We drove through Westchester to find Target and search out some shorts, as the summer has insisted on being deliciously sweat-inducing in recent days. I took off to The Evil Craft Store That Shall Not Be Named, in search of specific fondant tools, & found most of said tools. Of all the ECSTSNBN, the one in Westchester is certainly the most well supplied I've ever seen. Sundry shopping adventures followed, along with a gigantic and disturbing swarm of gnats, dead gnats, and more gnats (I suspect zombies and foul magics). Seriously. What is with the gnats, people? I walked 200 feet of sidewalk covered in gnats and gnat corpses, with little dive-bomber gnats pelting me the whole way. I did not photograph this for you.

You are welcome.

I was beginning to expect 9 other plagues on the horizon, and texted the bestie. He picked me up, lest I brave the hordes again, and we decided what better day to geocache than a day suspiciously rife with tiny locust-gnat activity.

We'd hit home depot and picked up $1.18 carabiners for our keys, and were feeling saucy!

geocache log - north bend kroger

Score. We located this little cache with a minimum of effort, thanks to it being eye level to one of us. The log was a big damp, but signing it wasn't a problem. Our marks made, we looked for awesome treasures to stow inside the tube, but had none, alas. Dead and partially smooshed gnat corpses notwithstanding. (Some of them tagged along for the ride home. Ew.)

Bolstered by our successes and triumphs, modest as they were, we motored home with high hopes. Upon homecoming, I gathered my tools. The bestie gathered his tools. He delved deeply into the guts of his android phone, and I met marshmallow fondant, (homemade), on the field of battle.

tools & star  trek...

9 flowers and 2 episodes of Star Trek later, this design won out. Do you know how much red food gel it takes to make this color? You don't want to know. Let's just say a lot a move on. These flowers take a lot longer to make than you'd think. I imagine folks get faster with experience (I hope).

Many thanks to the bestie for making a last minute run to the Krog for some cupcake gem "edible pearl" thingies. They finish the little flowers nicely.

small flowers

I'm not sure how long it's going to take these babies to harden up. It was so hot here, they started to melt. I shoved them in the fridge for later use. A certain niece's birthday is coming up on Monday, so she'll have to eat them and like it. Rar.

If you're jealous, and wish to find this Cincinnati geocache, clickie this linkie: gimme the clues!

marshmallow fondant flowergeocache - north bend kroger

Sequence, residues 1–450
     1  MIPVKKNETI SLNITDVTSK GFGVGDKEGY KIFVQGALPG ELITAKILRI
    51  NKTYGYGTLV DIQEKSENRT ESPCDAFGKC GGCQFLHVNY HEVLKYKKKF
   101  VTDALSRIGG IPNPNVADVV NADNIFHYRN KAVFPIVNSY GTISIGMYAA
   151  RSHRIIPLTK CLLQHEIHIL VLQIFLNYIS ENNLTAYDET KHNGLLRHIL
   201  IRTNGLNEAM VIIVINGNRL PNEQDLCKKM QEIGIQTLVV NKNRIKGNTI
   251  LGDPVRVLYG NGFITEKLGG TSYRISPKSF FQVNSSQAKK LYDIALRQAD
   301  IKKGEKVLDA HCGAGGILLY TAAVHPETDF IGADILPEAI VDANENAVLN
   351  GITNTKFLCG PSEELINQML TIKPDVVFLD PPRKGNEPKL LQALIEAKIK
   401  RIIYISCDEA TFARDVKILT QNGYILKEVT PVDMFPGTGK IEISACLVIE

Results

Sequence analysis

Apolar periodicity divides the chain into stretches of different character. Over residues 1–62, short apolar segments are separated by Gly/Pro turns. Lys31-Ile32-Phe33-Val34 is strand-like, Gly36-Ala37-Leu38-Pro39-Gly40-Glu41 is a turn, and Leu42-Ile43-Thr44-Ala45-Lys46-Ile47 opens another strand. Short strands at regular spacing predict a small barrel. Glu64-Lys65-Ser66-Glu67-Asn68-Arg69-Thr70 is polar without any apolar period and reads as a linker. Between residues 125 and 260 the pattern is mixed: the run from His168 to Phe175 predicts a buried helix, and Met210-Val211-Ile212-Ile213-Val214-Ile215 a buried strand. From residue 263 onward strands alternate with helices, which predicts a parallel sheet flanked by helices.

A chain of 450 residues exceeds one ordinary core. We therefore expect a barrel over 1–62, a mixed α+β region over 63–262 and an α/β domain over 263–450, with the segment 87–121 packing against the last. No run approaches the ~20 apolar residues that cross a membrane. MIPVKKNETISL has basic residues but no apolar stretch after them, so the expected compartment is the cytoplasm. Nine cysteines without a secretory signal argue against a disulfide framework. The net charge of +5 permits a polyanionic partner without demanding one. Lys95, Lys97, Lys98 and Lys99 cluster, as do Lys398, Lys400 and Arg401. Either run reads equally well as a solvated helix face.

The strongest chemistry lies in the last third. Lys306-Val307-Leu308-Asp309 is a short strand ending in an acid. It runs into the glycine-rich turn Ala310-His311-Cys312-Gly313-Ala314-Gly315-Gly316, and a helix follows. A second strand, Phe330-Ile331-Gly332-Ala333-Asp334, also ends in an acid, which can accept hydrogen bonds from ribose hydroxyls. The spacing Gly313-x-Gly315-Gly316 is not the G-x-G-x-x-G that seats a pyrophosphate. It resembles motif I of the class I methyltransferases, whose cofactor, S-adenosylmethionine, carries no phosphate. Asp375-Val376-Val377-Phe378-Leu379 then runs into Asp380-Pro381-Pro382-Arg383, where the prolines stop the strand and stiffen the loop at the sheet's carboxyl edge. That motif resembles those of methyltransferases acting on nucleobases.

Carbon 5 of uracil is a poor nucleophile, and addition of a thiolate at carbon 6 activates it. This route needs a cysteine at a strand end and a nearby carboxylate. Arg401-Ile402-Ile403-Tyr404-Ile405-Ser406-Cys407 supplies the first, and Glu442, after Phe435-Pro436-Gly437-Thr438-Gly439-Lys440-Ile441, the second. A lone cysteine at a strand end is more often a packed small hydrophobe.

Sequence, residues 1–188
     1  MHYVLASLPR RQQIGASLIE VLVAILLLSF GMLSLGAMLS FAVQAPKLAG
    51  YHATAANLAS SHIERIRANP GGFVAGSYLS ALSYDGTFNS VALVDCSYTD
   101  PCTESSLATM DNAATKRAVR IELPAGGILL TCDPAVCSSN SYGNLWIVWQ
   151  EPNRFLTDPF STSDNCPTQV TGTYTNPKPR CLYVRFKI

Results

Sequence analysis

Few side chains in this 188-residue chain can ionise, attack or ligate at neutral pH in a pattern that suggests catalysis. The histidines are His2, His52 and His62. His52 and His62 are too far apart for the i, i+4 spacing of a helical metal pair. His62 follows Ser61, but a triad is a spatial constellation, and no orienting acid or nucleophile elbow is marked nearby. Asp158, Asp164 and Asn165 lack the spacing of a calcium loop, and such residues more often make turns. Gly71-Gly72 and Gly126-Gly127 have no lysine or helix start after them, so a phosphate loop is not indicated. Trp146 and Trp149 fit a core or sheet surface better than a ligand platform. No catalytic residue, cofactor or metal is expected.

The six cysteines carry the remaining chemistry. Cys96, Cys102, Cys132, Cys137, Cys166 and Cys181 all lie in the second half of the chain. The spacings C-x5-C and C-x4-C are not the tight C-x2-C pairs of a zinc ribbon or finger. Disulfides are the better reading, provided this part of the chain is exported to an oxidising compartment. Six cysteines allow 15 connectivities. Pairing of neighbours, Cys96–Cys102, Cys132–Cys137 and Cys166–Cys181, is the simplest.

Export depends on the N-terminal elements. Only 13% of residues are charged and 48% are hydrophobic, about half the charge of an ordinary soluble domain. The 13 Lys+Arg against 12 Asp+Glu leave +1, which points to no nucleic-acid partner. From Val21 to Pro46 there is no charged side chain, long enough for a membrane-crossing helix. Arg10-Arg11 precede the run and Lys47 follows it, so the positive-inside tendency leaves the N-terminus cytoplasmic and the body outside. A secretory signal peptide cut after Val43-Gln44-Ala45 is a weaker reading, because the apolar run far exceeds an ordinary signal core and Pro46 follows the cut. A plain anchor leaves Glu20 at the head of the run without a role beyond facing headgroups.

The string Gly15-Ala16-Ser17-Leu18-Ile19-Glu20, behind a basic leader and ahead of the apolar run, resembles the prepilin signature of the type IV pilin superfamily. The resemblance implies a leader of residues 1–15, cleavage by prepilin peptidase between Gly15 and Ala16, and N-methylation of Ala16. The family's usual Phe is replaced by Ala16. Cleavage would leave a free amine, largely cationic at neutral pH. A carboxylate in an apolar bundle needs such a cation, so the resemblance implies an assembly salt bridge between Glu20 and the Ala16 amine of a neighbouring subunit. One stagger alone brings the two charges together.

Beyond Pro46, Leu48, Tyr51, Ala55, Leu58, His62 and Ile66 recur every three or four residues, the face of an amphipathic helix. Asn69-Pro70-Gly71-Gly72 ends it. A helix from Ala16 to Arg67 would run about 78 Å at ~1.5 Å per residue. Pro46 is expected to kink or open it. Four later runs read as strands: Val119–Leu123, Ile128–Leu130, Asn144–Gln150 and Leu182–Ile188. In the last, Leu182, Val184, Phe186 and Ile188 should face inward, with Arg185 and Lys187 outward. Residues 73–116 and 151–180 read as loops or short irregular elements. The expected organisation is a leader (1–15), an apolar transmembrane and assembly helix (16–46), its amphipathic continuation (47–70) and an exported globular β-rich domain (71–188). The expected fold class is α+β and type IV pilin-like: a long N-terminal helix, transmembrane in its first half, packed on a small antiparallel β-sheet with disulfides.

Tuesday, July 05, 2011

Radha Workshop, 25 June 2011


Radha Chandrashekaran is an artist of contemplation. She mixes media and works pieces with whatever items she needs to make them come alive, and continually explores the role of art in everyday life. In a workshop with NKU's Print Club, Radha shared some of her techniques and philosophy.

You can find her art, artist statement, and workshop information on her website: radartist.com.

detail - radha's piece - wip

Along with works in progress, Radha brought with her a technique she'd picked up from Japanese artists. This method of transferring images to paper uses water, ink, and a sort of handmade dauber. For more images, and plates in use, click any of these images. Below is a detail photograph of a wooden plate:

radha's wooden plate

The kalam, or pen, is another tool Radha brought with her. She taught us to construct these pens, which are really quite simple to make. The yarn serves as a reservoir for the ink, and a gentle squeeze sends more ink drips down the bamboo "nib" to produce a constant flow. Traditionally, kalamkari are made with this sort of tool (with a finer fiber) on silk with plant dyes.

nicci's kalam

The quality of the line is variable, depending on the width of the kalam used. The bamboo is wrapped snugly with cloth, then thread or yarn, and secured. After a brief soak in water, the kalam is ready to use. Among the inks explored was a simple, fragrant yellow made with turmeric (spice pictured at the top of this post). Below is a detail of a large piece of silk decorated with an intricate drawing.

kalamkari - detail of radha's silk

One of the best things about NKU, and the Print Club in particular, is that it promotes diversity in its artists and image-making. Alongside ancient tradition, and sometimes aged equipment, rest more modern reminders of who and where we are.

It's always a good time hanging out with NKU printmakers, and guest artists.

nku print room - ink in progress